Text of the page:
It’s a Wednesday night and Devon Welsh is performing inside a church. Nothing could be more appropriate. The show is a kick-off for a tiny tour he’s doing to premiere songs from his upcoming solo album Dream Songs, his first record since the end of his band, Majical Cloudz. It’s beautiful music, almost devout in its intensity. The setup is simple; only a guitarist, violinist, and percussionist join Welsh on stage. The songs bear traces of Welsh’s former project—simple arrangements swelling and falling around his earnest and naked voice. Yet there is something grander at play with these songs, something that feels more confident and more assured.
Almost two months later he speaks over video chat, trying to pinpoint this change is in his music. Though he began recording music as Majical Cloudz as early as 2010, most people’s introduction to him came through the band’s debut release on Matador Records, Impersonator. Between that and 2015’s Are You Alone?, Welsh and his musical partner Matthew Otto carved out a signature sound: a starkly minimalist electronic art pop, built around Otto’s atmospheric production and Welsh’s striking and direct singing, delivering secret truths with an almost casual authority.
But despite their growing success, the band announced their dissolution soon after the release of Are You Alone?, playing one final show in their hometown of Montreal. It seemed sudden and surprising to many, but talking about it with Welsh, things become clearer. He speaks frankly, if obliquely, about the pressures that were beginning to mount around the project.
“I think anyone who knows me would say I’m a neurotic person with a lot of unnecessary anxiety, and I think I brought a lot of that into what I was doing with music,” Welsh says. “But I also think the music industry and the experience of starting a band, and that band sort of gaining traction, and feeling the pressure of the industry—I think that can be very overwhelming for a lot of people. Especially when you’re young and you don’t really have a strong sense of self-esteem on your own or a strong sense of self-identity, which I don’t think that I did.”
That stress, both internal and external, eventually brought down Majical Cloudz, though Welsh kept writing songs. Still, he didn’t know what to do with them, and was slightly adrift before meeting up with Austin Tufts of Braids. The two would wind up casually talking about Welsh’s musical plans, first demoing, then actually recording the tracks that would become Dream Songs at Tufts’s studio.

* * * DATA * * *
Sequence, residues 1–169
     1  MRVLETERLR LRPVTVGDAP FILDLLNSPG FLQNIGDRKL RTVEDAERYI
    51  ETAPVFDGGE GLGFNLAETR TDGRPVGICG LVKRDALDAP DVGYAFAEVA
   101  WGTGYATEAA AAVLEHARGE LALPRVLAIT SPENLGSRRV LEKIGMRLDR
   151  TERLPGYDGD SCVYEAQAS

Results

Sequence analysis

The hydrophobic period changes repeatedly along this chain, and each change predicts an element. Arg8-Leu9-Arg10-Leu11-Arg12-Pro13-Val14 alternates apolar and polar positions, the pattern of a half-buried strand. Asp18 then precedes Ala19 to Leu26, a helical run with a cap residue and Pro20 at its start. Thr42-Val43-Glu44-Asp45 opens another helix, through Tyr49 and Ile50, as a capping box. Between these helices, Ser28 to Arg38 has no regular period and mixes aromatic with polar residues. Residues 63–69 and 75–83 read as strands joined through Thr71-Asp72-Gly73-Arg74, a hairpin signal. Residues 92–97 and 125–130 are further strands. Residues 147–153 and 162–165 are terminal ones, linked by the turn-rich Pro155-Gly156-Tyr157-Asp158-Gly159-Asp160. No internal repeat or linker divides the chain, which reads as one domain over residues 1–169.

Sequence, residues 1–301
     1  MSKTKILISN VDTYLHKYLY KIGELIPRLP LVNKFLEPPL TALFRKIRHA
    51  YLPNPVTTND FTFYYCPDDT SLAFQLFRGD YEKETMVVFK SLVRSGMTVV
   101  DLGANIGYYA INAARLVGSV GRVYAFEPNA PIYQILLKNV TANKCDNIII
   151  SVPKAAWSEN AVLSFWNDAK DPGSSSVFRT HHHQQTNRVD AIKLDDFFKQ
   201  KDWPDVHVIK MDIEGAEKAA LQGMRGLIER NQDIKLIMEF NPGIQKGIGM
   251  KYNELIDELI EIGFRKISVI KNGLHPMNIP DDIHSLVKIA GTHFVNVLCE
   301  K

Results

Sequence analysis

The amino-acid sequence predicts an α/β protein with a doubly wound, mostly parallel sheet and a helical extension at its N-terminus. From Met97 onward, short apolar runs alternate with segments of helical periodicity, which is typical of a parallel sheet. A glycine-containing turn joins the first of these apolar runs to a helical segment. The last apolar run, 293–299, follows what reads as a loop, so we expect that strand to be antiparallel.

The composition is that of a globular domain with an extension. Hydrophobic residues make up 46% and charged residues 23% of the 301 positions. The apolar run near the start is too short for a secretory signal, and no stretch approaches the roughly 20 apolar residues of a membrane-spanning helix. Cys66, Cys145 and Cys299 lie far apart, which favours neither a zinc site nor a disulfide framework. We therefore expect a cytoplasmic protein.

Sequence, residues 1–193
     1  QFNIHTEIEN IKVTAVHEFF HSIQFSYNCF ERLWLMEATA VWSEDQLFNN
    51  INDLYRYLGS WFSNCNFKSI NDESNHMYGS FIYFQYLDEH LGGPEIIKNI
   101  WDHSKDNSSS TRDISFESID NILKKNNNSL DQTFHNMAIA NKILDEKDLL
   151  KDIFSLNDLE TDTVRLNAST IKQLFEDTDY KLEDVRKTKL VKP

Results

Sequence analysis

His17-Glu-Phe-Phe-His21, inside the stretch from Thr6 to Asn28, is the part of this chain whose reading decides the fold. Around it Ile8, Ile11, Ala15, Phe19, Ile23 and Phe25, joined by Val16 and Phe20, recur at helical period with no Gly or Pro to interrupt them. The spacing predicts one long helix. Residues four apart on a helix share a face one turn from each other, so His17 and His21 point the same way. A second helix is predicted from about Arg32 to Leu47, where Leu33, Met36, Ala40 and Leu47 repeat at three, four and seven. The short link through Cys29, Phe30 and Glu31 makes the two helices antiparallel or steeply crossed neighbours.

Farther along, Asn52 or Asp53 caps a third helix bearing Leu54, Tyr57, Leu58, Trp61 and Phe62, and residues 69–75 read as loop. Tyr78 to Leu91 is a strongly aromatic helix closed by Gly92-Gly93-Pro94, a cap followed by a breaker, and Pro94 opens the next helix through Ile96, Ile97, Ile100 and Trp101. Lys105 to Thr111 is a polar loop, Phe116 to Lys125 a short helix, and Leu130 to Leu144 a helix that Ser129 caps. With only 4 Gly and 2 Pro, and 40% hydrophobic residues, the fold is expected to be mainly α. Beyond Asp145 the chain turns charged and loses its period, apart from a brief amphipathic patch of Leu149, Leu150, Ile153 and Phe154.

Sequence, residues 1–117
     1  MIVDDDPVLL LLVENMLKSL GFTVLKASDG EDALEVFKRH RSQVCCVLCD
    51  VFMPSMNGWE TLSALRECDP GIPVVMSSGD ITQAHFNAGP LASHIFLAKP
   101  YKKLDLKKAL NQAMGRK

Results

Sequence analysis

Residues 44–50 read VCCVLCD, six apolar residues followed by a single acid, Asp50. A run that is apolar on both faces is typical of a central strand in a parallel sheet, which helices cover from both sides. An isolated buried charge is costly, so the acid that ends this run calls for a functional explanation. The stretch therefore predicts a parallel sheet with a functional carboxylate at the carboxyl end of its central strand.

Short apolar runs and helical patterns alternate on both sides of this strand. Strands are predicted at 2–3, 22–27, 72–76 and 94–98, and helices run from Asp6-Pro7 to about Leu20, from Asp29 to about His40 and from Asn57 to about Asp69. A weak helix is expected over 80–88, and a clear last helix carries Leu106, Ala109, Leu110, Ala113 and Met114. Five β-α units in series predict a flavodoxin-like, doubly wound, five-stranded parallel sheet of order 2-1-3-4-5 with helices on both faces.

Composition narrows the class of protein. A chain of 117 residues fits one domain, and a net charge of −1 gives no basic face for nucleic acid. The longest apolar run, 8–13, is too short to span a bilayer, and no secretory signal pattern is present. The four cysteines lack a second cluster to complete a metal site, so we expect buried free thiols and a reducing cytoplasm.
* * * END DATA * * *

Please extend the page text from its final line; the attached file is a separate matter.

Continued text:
The album is a natural progression of Welsh’s style. In contrast to the electronic coolness of Majical Cloudz, its songs are almost completely organic. String instruments plink and crescendo on album opener “By the Daylight”; guitar picking adds a twinkling glow to the quiet romanticism of “Summer’s End.” “Take It Easy” at times feels like an old-school gospel R&B song, the way the instruments swell during the chorus, with Welsh almost yelling “I know there’s a purpose in me / And I’m getting better.”
The connective tissue throughout Dream Songs is the sense of affirmation. Welsh’s greatest gift has always been his ability to convey immense empathy, to face harsh realities and express all the pain and small joys that come with them. He still does that here, but has shifted away from personal vignettes to maybe something more universal.
“I think I end up writing songs that sort of had this salvation aspect to them,” says Welsh. “It’s going to be good, you will reach this place of self-understanding, or of love, or whatever it is. At a certain point, those ideas became really important to me—just being optimistic and wanting to be loving and to have hope and faith.”
That intent courses through Dream Songs, palatable and pulsing. Welsh sings to every listener like he’s been their friend for years, and knows exactly what to say in order to keep them going. “This is our shot, let’s not blow it with stage fright / This time we need to say goodbye,” he sings on “Vampires,” a song about the necessity of escaping the oppressive nature of a small town. But, true to form, it isn’t the implied misery that powers this song—it’s the sense of hope.